Army Corps Presents Options For Keeping Invasives Out Of Great Lakes
By Chuck Quirmbach
Monday, January 6, 2014, 8:43pm
A new federal report lists eight options for keeping Asian Carp and other aquatic nuisance species from traveling between the Great Lakes and Mississippi River systems.
Congress asked the Army Corps Of Engineers to prepare the inter-basin study as fishing groups, environmentalists and others worry, especially about hungry Asian Carp being able to get to the Great Lakes in big numbers. The groups generally don't think existing controls, like an electric carp barrier near Chicago, are enough.
The federal reports lists eight options, ranging from doing nothing to complete physical separation of the Great Lakes and Mississippi waterways.
However, Dave Wethington, of the Corps of Engineers, spent a lot of time on a teleconference talking about one option: a new flushing lock system, next to electric barriers, to try to make sure watercraft don't drag through aquatic invaders.
“The vessel will enter this lock, and the sector gates will close behind it,” Wethington said. “Then a pump removes the water from one end and on the opposite end, fills the lock with water: clean water.”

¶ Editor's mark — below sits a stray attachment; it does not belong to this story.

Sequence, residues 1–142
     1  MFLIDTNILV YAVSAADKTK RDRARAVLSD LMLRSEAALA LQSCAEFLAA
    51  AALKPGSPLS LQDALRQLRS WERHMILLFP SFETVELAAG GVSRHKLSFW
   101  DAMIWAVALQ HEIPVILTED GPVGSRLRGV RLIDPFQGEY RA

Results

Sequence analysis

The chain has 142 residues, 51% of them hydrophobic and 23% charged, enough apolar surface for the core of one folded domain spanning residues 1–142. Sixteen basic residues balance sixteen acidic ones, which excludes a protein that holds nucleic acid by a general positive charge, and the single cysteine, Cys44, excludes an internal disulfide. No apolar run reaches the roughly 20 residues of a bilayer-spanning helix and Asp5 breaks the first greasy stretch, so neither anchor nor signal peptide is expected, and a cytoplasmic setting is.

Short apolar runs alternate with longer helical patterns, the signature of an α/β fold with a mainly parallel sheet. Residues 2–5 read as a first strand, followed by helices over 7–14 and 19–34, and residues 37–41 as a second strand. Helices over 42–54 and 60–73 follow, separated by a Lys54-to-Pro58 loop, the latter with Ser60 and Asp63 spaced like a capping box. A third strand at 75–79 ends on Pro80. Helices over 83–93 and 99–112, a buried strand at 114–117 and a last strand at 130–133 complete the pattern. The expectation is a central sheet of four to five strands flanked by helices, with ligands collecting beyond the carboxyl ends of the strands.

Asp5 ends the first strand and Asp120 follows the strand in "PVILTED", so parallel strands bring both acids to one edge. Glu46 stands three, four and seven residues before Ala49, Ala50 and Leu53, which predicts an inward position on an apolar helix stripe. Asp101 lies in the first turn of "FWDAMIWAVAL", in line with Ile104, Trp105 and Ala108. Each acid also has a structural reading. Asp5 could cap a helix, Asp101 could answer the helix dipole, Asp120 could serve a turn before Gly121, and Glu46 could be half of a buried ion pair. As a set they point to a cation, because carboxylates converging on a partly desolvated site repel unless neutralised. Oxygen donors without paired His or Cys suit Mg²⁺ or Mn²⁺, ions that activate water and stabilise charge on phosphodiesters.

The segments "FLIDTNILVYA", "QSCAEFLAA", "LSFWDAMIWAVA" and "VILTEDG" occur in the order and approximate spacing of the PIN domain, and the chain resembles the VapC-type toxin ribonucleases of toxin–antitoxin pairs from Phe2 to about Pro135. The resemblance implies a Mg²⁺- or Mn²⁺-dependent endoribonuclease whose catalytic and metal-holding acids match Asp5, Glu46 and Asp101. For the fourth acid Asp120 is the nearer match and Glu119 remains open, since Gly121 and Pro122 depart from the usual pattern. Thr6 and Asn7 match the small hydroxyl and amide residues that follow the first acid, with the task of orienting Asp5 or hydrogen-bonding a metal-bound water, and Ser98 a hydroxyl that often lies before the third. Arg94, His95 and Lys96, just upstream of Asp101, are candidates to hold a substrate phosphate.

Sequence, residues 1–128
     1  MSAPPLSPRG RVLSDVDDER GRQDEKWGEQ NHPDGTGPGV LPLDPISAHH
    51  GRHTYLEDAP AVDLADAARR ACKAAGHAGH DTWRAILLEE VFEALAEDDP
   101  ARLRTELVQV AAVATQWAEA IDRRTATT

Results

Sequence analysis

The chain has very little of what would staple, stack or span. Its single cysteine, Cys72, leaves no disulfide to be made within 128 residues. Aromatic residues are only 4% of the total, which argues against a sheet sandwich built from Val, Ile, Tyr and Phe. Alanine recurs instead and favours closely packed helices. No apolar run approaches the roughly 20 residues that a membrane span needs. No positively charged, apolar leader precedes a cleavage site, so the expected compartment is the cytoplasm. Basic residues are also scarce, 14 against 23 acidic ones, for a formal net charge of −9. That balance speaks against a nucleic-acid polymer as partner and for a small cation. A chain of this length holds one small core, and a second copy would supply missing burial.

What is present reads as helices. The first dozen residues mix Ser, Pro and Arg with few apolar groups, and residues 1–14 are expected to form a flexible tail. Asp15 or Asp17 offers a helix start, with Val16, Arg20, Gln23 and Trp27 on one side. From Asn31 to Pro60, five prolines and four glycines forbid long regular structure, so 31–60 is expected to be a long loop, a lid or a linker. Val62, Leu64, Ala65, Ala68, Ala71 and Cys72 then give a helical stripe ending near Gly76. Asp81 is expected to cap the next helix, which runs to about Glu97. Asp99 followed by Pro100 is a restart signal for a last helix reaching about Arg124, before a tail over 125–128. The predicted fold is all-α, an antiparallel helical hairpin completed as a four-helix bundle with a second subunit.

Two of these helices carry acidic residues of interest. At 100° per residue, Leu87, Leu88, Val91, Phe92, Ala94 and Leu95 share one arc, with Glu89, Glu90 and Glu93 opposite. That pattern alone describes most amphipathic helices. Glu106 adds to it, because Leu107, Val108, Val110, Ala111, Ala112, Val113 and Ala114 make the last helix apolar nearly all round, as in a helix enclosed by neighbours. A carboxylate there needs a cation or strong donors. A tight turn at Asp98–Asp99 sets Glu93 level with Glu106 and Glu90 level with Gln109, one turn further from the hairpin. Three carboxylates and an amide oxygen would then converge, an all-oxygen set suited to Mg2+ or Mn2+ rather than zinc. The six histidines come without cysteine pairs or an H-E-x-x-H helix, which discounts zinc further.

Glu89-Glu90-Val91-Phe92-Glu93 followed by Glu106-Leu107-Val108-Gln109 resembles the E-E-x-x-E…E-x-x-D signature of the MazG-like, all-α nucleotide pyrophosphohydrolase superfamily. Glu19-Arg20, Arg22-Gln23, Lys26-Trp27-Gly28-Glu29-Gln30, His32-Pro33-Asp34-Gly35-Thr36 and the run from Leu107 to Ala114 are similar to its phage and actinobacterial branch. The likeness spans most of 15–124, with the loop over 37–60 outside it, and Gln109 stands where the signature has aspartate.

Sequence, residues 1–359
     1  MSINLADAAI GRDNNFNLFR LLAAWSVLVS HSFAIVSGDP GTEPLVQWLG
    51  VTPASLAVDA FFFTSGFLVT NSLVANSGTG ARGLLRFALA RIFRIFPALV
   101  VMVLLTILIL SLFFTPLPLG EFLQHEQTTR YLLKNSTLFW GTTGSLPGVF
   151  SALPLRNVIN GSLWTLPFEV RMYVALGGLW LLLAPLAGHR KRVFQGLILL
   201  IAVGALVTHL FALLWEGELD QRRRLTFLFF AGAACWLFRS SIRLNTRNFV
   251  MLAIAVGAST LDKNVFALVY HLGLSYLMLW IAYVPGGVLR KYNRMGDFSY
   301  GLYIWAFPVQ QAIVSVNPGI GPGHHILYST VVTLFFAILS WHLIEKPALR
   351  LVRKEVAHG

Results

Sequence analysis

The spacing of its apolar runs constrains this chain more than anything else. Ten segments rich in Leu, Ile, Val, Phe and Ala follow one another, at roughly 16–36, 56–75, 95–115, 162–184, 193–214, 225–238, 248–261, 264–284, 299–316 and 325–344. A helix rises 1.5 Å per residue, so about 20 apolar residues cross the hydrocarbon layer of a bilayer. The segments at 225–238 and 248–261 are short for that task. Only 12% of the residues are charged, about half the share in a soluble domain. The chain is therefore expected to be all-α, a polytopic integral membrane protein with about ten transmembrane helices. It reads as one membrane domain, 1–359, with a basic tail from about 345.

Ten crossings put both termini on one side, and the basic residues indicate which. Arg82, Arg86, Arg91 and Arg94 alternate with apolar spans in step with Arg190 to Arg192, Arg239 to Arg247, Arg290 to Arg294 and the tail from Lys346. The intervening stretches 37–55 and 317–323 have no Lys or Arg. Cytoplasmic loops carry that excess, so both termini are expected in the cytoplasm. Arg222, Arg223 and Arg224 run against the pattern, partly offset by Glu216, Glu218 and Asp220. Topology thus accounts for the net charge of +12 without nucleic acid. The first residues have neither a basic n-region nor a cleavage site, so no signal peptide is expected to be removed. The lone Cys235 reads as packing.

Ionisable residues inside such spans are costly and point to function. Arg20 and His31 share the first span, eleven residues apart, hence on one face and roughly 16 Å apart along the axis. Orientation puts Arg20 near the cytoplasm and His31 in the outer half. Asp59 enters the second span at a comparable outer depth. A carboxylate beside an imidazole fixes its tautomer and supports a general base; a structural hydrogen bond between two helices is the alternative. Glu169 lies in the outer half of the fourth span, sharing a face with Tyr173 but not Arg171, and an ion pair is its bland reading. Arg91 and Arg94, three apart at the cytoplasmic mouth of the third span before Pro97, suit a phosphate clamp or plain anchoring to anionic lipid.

Wethington says it would cost at least $1 billion to add the lock. Some of the other species control options could cost much more than that. The report now goes to Congress.
Wethington says if any of the larger options are chosen, it could take 25 years to complete related reservoirs and tunnels in the Chicago waterway system.
“We cannot imagine building a structure in the river that would add additional flood risk for the millions of residents of the Chicagoland area,” Wethington said, “nor would we want to build something that would significantly contaminate the waters of Lake Michigan.”
The Corps of Engineers will hold a public meeting on its report on January 13th, in Milwaukee.